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Land Survey

Conveying water in steep heights

By | 2018-04-04T06:13:05+00:00 September 3rd, 2018|Hydrology, Land Survey|

To increase the reliability of electric power supply for its mining operations, Peruvian mining company Buenaventura elected to develop a hydroelectric project in the Pallca River basin of the Andes Mountains in Peru, approximately 130 kilometers east of the capital city Lima. Water conveyance for hydropower in the high mountains of the Andes is often

Airborne surveillance market growth graph is incline towards the sky

By | 2018-04-04T05:56:01+00:00 August 20th, 2018|Drone, GIS, Land Survey|

Airborne surveillance system aims to provide early airborne unusual activities warning. It consists of antenna, airborne data processor, and integrated navigation system, which are featured to provide high accuracy navigation system. These are responsible for tracking and scanning of required target. They receive signal from transmitting radar, analyze the signal and transmit the signal to

Bozeman questions FEMA’s take on downtown flood risks

By | 2018-04-04T05:44:18+00:00 August 13th, 2018|Hydrology, Land Survey, Storm Water|

Swaths of downtown Bozeman might get new rules to live by as a federal agency redraws the map of where nature could collide with the city. City hall and people invested in keeping Main Street pretty and busy are spending a chunk of money to ensure those changes are justified. The Federal Emergency Management Agency,

Remapping Montecito: FEMA establishing new ‘hazard zones’ and 100-year-flood elevations

By | 2018-04-04T02:06:40+00:00 July 30th, 2018|Engineering, Hydrology, Land Survey|

Last week, the owners of a one-story house on Santa Elena Lane sought preliminary approval from the Montecito Board of Architectural Review for an 800-square-foot addition and a new wall in the front yard to deflect floodwaters from Montecito Creek. The 1/9 Debris Flow carried mud right up to the house but not inside. The

Drones ahoy! Woman-owned business takes innovative approach

By | 2018-04-04T01:50:02+00:00 July 23rd, 2018|Drone, Engineering, Land Survey|

One sunny day in March, someone looking up at the sky over the Straight River just west of the Becker county line might have noticed an object flying a zigzag route. Was it a bird? A plane? No, it was an unmanned aerial vehicle, or drone. Its name is Hubert. Hubert and another quadcopter drone,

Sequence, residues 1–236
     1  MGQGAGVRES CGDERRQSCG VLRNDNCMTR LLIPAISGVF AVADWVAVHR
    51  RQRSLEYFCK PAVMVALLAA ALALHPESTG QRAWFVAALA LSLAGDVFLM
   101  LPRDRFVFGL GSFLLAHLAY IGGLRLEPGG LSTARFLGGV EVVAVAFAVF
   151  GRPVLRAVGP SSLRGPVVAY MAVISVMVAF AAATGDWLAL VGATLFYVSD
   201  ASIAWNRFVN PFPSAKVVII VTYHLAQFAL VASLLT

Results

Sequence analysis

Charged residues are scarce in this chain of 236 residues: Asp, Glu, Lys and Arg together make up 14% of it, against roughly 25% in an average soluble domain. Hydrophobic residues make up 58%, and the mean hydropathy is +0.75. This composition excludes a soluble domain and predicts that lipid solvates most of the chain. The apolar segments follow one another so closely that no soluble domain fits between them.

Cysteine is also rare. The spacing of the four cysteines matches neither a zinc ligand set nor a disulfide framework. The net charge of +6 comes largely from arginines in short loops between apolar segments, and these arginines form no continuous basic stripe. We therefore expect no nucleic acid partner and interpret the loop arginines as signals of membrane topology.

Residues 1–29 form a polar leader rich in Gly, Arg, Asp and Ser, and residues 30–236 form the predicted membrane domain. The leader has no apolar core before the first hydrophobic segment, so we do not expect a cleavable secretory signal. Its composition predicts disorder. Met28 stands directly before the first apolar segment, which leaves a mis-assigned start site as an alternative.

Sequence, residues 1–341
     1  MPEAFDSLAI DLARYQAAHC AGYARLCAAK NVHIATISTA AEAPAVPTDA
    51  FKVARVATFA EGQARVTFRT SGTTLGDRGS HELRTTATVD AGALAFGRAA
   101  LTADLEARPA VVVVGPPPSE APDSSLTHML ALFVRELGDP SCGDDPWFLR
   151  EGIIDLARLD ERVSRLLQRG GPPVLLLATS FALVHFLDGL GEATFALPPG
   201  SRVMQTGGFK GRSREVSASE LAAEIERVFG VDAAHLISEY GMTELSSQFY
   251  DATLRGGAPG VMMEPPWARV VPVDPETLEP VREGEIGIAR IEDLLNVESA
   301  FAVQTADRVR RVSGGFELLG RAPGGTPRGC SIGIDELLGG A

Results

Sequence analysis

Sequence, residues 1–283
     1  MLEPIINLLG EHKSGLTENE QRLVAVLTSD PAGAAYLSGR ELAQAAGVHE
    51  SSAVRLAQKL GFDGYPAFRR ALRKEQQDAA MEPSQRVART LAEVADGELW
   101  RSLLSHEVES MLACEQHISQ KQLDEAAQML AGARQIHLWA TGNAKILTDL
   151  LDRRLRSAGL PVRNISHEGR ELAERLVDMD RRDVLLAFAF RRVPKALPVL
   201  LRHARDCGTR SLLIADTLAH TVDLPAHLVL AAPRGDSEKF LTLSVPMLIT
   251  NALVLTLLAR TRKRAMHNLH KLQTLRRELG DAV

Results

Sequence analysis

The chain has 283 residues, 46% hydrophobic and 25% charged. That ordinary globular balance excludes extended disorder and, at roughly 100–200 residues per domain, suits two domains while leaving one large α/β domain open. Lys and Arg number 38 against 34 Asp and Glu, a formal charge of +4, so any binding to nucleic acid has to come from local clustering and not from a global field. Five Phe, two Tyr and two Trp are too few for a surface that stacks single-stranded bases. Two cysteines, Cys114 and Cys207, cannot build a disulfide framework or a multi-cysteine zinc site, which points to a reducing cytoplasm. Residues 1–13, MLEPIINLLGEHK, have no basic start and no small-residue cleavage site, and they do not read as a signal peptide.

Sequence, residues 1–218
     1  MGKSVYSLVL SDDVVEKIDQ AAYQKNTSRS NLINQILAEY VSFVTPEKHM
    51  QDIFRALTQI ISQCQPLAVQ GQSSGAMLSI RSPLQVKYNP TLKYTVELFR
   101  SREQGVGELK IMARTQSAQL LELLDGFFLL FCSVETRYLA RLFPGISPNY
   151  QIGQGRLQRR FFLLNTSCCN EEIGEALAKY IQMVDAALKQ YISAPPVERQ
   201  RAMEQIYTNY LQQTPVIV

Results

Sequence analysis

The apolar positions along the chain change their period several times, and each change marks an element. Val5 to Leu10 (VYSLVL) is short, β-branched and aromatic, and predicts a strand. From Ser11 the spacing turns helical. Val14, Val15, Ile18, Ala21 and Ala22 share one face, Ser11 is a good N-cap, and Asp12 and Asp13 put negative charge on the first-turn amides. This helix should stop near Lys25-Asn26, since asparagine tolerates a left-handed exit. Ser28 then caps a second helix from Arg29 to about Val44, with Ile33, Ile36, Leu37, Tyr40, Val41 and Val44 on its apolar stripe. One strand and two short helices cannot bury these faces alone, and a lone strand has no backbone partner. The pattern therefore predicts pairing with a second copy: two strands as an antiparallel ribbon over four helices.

Borough, FEMA floodplain map numbers not in sync

By | 2018-04-04T01:46:02+00:00 July 16th, 2018|GIS, Hydrology, Land Survey, Storm Water|

Federal Emergency Management Agency officials have been working on new flood plain maps for Southeast Alaska, with implementation anticipated by early next year. For Ketchikan and other areas, the new maps expand the number of properties considered in a flood-risk area. Those properties will be required to have flood insurance, if they hold a federally

With a green makeover, Philadelphia is tackling its stormwater problem

By | 2018-04-04T01:34:17+00:00 July 2nd, 2018|Architecture, Engineering, Hydrology, Land Survey, Storm Water|

enjamin Franklin, Philadelphia’s favorite son, described his city’s stormwater problem well: By “covering a ground plot with buildings and pavements, which carry off most of the rain and prevent its soaking into the Earth and renewing and purifying the Springs … the water of wells must gradually grow worse, and in time be unfit for

Surveyors uncover history in the woods of St. Louis County

By | 2018-04-04T01:21:18+00:00 June 25th, 2018|Engineering, GIS, Land Survey|

CENTRAL LAKES — A mile off the nearest gravel road in a stand of young aspen, balsam and birch, a four-man crew from the St. Louis County Surveyor's Office hopped off their tracked ATVs and loaded up their backpacks for a walk in the woods. They brought a chainsaw and hand saws, a compass and

Drones and LIDAR pump up aerial surveying and mapping

By | 2018-04-04T00:52:24+00:00 June 11th, 2018|Drone, Land Survey|

One might think that maybe, just maybe, advancing technology would not disrupt the age-old, venerated profession of land surveying in the U.S. After all, Presidents George Washington and Abraham Lincoln were surveyors as young men, and President Thomas Jefferson was one generally throughout his life. Alas (but to a great extent thankfully), miniaturized digital hardware,

Our legacy of liveable cities won’t last without a visionary response to growth

By | 2018-04-04T00:47:19+00:00 June 4th, 2018|Hydrology, Land Survey|

Australia’s major cities are growing more rapidly than ever before, gaining three million residents in a decade. Concerns about the risks to their long-term livability and health are growing too. Is the consistent placing of Australian cities at the top of most liveable city rankings a reason for complacency? The fastest-growing city, Melbourne, is experiencing